I got a call yesterday from my sister who wanted me to go with her to put her dog down. He has been sick for a while. He has problems breathing. He has seizures. I guess he had a seizure that morning that convinced my sister it was time. I agreed to go with her. To support her. After all, it wasn’t my dog.
She picks me up at my house (we live 5 minutes from each other) and her dog, Hobbit, a cute, fluffy white Pomeranian, is in the front seat. He appears just as happy as can be. I get in and hold him. I give him lots of love and pets.
The vet is only another 3 minutes from my house. We get out and he’s happy. He walks fine. He does his business. My sister lavishes him with bacon she cooked. He appears perfectly fine and normal and healthy.
We enter the vets office and are greeted with a friendly, “How are you?” My sister almost loses it. The receptionist realizes her mistake immediately.
We wait. Hobbit is fine. Happy. Unknowing of what is to come. I observe him. Devoted as all dogs are. Completely and totally trusting in us. Never doubting. Never questioning.
We are taken back. My sister is crying. I’m trying not to. The vet comes in and explains euthanasia and what to expect. First a sedative to put the dog to sleep. Then an injection which will stop the heart. He will breathe his last breath.
Hobbit is happy, walking around, eating treats. My sister holds him as she administers the sedative. In about 10 minutes, he is asleep. He is so calm and oblivious to all that is happening around him. He does not know he won’t wake up. He does not know he is going to a better place. And he does not care. For he is a dog, a lower animal that only lives moment by moment, and for him, he is just sleepy. So he sleeps.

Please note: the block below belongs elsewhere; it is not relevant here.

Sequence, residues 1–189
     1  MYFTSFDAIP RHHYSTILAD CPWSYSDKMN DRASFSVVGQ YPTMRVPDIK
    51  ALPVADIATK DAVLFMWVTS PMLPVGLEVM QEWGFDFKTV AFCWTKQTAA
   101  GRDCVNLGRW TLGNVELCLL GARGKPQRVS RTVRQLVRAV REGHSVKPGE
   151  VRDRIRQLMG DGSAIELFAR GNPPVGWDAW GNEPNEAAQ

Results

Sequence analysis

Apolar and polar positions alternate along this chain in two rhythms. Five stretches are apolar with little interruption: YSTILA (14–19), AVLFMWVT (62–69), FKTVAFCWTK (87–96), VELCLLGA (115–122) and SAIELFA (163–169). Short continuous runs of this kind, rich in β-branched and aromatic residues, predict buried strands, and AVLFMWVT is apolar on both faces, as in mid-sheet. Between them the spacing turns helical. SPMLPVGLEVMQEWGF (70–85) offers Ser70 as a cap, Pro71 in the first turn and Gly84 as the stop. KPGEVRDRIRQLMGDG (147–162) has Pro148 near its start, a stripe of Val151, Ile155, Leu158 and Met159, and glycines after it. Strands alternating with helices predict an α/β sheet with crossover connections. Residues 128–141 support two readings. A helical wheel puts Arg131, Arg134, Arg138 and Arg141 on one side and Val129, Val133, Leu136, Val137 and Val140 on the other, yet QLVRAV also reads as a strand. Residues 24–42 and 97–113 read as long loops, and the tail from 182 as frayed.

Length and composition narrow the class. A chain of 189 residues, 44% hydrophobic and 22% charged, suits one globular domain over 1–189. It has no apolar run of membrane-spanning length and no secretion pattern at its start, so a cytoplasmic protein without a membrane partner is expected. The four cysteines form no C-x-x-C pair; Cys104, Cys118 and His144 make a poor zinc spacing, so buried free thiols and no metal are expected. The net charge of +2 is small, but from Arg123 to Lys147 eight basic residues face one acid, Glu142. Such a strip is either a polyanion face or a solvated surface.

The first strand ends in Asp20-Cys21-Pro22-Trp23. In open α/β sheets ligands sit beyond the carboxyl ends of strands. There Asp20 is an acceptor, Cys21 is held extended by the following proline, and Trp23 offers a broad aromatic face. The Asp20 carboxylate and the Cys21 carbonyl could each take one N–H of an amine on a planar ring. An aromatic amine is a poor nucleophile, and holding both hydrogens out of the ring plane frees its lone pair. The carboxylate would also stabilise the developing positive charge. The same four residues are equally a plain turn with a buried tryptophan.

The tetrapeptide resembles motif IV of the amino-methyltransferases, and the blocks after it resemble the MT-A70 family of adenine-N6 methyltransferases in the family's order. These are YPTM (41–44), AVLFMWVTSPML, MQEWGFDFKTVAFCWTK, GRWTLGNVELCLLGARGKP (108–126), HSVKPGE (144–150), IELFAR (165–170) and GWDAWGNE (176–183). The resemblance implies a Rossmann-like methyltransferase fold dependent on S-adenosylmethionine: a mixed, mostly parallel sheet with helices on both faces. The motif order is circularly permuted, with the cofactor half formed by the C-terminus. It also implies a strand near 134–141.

I fight the urge to whisk Hobbit out of her arms and dog-nap him. For to me he is fine. Only my sister knows how much pain and suffering he is in. Still, there’s a part of me who wants to rescue him from his fate–a fate we all have and none of us can be rescued from. But that hope is what keeps me alive at least…
The vet comes back in. My sister puts the dog on a table as they shave a place to find a vein to administer the fatal dose. She is uncontrollably crying. She pets him and kisses him his last as the vet pushes the plunger in. In under 30 seconds, Hobbit is gone. It is sad and I cry. I kiss the dog. I tell him what a good dog he is/was. I tell him he will play with my dog, Bay, who died almost two years ago to the day. Oh, how I miss her!
I think of my 12-year old ancient English Mastiff at home who will be alive when I return. Who is ailing himself. Whom I love with all my heart. Who is having trouble walking and standing. But who takes it all in stride. Who cries when he wants me to pet him because he can no longer come to me. But who is happy each and every moment of his remaining days. I know not how much longer I will have him but I hope and I pray God takes him and not me. So then he can be with his sister and Hobbit too. So he too can have his body back and he can run like the wind again and he can play with the kids in heaven and bring them joy–as he has done to me down here.
We walk out. My sister says “Well, that’s over.” And I say ironically and melancholy, “Yeah, now we get to go on with our lives,” sadness consuming me as we’ve left a companion behind who no longer has theirs.
I love dogs. I love owning dogs. But I hate it when they get old. I can hardly stand it. I know they are dying because of our sins and it eats at me. It does.
Some say it is good to see life and death and to accept it. I say they are crazy. It should be unacceptable that all things die because of our sins. It should sadden you. It should make you want to repent and turn to Him even more.
My sister will have her dog cremated and a paw print made. She will keep him for now. As I have kept mine who sits on a bookshelf in my house, silently watching over our family and our dogs, always abiding in my heart. I miss her, but she is alive in my memories and thanks be to God in my kids’ memories as well.